Stuck indoors in Melbourne, the 25-year-old comedian and writer opened a TikTok account to pass the time.
“I remember watching the first few videos, and I was like ‘this is actually really funny’,” Samantha says.
But she didn’t expect them to travel as far as they did.
One of her first comedy sketches - a one-minute video reenacting what it was like to go shopping with your friends when you were 12 - went viral.
“I remember calling my partner and being like ‘oh my gosh, I just keep getting notifications every time I open my phone’,” she says.
The video had more than 100,000 likes and suddenly her account had 10,000 new fans following her, waiting for more.
Oh my gosh, I just keep getting notifications every time I open my phone.
With the popularity came criticism.
“Naturally, when a video goes viral, you get more of the comments from every man and their dog who wouldn’t usually comment,” Samantha says.
But she realised she now had a platform and, as well as comedy, she could use it for good.
Samantha decided to be open about who she was as a queer woman, and her relationship with her partner Cody, a transgender man.
She hoped being open about her personal life while running a comedy account would help remove some of the stigmas or misunderstandings about LGBTIQ+ individuals and couples.
“It removes that kind of heaviness and need for it always to be political,” she says.
“It goes, ‘no here’s just a person who makes funny videos on the internet. Oh here’s her partner, who just happens to be trans. And she happens to be queer’.”
In October, Samantha and Cody, 23, shared a video explaining their wish to have biological children in the future (see clip below).
Samantha would be carrying the child, she explained, and she hoped to educate her followers on the process.
“Cody is in the process of going off testosterone, and he’s already begun the process now so that he can freeze his eggs so that one day we can have a kid,” she says in the video.
“We’re obviously not going to be having kids anytime soon, we’re talking in the kind of 10-year mark. This is just the planning and preparing that he has to do.”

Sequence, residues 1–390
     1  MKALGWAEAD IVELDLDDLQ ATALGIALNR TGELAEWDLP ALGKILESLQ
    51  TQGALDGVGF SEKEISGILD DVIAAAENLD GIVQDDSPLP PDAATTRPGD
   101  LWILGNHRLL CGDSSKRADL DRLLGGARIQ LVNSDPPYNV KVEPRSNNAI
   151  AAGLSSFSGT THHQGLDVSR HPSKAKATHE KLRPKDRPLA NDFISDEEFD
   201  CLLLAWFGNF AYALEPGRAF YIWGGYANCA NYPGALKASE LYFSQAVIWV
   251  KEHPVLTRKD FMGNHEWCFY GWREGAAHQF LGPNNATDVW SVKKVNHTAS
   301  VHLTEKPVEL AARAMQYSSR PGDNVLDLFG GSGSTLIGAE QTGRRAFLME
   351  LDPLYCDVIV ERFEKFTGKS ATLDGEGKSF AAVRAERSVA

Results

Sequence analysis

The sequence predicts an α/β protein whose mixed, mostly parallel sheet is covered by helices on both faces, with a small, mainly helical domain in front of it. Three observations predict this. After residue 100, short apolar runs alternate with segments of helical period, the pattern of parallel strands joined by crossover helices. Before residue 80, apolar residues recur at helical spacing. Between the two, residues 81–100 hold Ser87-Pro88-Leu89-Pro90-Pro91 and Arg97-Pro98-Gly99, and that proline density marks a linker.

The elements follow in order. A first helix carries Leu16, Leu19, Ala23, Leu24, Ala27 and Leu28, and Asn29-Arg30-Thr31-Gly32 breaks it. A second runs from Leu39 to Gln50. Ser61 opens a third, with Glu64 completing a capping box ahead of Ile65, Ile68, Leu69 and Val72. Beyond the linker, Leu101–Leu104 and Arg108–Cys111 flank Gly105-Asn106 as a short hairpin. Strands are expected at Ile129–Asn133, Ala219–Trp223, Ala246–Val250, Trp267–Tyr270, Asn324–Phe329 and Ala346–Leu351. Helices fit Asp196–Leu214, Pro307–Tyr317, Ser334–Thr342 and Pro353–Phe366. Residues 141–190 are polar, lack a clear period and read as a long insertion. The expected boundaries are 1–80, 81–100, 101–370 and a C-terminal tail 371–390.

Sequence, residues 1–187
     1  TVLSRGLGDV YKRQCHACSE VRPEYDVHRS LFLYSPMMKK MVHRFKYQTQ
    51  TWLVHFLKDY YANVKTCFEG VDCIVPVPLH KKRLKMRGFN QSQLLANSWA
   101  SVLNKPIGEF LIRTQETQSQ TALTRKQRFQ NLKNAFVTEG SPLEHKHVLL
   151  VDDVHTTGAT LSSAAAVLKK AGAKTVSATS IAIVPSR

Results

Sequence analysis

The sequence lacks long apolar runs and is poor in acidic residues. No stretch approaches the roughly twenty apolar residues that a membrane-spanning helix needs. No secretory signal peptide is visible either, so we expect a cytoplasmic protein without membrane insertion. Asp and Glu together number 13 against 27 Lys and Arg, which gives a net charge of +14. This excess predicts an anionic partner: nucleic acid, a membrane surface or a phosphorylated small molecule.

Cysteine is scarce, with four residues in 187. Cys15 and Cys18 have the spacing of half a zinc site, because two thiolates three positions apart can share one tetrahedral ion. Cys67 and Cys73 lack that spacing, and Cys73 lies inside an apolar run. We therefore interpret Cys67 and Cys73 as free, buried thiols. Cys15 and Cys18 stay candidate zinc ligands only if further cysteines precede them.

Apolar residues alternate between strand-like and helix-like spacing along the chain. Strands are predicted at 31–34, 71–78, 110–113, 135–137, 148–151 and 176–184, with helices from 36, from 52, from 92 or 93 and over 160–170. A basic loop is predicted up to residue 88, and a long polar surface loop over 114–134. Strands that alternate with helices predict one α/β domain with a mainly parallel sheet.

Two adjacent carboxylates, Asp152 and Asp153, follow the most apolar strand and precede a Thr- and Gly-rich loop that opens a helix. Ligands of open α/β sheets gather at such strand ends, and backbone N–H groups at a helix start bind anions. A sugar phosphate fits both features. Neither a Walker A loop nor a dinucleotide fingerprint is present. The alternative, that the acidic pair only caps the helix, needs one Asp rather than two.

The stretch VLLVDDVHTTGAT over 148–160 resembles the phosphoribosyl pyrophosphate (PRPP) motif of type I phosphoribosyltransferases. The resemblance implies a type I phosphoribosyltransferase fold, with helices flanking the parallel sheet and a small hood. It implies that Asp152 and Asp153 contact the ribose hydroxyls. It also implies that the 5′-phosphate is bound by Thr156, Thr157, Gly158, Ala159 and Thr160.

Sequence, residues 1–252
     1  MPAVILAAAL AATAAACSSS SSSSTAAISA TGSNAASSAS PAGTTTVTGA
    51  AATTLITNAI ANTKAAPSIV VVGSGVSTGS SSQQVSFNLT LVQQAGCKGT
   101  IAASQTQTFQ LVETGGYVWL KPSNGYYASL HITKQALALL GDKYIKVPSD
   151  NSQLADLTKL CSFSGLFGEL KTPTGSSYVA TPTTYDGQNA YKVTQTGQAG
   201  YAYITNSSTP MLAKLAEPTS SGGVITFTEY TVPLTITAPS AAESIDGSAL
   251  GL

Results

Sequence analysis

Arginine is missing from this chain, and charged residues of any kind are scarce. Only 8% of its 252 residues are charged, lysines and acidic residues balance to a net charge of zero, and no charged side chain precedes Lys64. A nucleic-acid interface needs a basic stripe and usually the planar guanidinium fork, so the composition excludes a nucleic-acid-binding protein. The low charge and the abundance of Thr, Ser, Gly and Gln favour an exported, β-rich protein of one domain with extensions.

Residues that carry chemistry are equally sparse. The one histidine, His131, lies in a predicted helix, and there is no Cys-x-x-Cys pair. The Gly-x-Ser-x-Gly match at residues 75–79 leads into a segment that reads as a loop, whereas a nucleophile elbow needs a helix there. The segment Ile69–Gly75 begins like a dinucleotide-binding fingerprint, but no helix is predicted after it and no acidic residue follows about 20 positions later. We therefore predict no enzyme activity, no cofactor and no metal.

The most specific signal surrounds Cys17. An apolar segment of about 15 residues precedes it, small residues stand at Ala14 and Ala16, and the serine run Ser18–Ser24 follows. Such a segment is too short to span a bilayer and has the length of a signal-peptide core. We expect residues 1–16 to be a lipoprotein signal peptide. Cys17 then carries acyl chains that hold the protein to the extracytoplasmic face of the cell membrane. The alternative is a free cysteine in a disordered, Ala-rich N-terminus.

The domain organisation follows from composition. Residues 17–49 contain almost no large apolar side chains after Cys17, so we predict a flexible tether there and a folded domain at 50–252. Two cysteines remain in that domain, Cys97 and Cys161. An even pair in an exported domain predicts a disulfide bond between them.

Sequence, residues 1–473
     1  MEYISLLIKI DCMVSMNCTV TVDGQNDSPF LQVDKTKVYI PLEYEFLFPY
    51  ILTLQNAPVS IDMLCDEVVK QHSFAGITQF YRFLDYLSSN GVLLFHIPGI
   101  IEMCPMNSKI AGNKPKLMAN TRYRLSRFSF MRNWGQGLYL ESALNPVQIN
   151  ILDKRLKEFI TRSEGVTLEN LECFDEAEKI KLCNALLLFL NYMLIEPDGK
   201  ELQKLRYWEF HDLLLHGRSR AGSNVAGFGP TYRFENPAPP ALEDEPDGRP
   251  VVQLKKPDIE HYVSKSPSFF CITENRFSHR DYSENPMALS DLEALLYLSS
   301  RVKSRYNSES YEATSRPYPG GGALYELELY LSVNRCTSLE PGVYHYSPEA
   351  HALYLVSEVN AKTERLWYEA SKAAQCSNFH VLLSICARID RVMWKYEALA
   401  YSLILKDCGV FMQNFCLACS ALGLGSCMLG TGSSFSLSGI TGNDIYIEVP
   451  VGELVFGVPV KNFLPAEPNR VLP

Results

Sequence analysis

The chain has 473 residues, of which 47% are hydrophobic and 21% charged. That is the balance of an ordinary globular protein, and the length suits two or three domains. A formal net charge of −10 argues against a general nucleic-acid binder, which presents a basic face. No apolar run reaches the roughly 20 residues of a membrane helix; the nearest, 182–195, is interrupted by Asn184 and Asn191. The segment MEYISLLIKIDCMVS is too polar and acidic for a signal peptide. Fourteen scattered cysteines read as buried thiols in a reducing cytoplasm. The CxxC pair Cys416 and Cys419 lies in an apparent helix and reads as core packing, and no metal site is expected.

The video had more than 450,000 views with some viewers sharing their personal stories or asking questions in the comments section to learn more.
“We’ve had people comment on the video who are trans men being like, ‘wow I didn’t even know this was possible,’” Samantha says.
“And just one comment like that makes it all worth it.”
Just one comment makes it all worth it.
“The video could have gotten four views, and if it was viewed by four people and it changed their perspective and gave them some insight, then I’m happy.”
Samantha's TikTok account now has more than 140,000 fans, 5 million likes, and her videos have had more than 28 million views.
Samantha says she is keen to get back on the stage in 2021 and is working on a stand-up comedy show.
“I’m really excited for the reopening of live performances, and I’m really excited to take what I’ve put forward this year and put it on a stage and really develop my career.”
And she’ll continue to share her personal journey online.
“I hope it starts conversations in audiences that are younger, whose brains and outlooks are malleable, and can have a really profound impact on the next generation.”
LGBTIQ+ Australians seeking support with mental health can contact QLife on 1800 184 527 or visit qlife.org.au. ReachOut.com also has a list of support services.
Alysha Woodey is from Sydney. She completed her first year studying journalism, media arts and production in 2020 and developed her cooking skills during lockdown. She hopes to further her professional writing next year.
Read all the stories in the series below: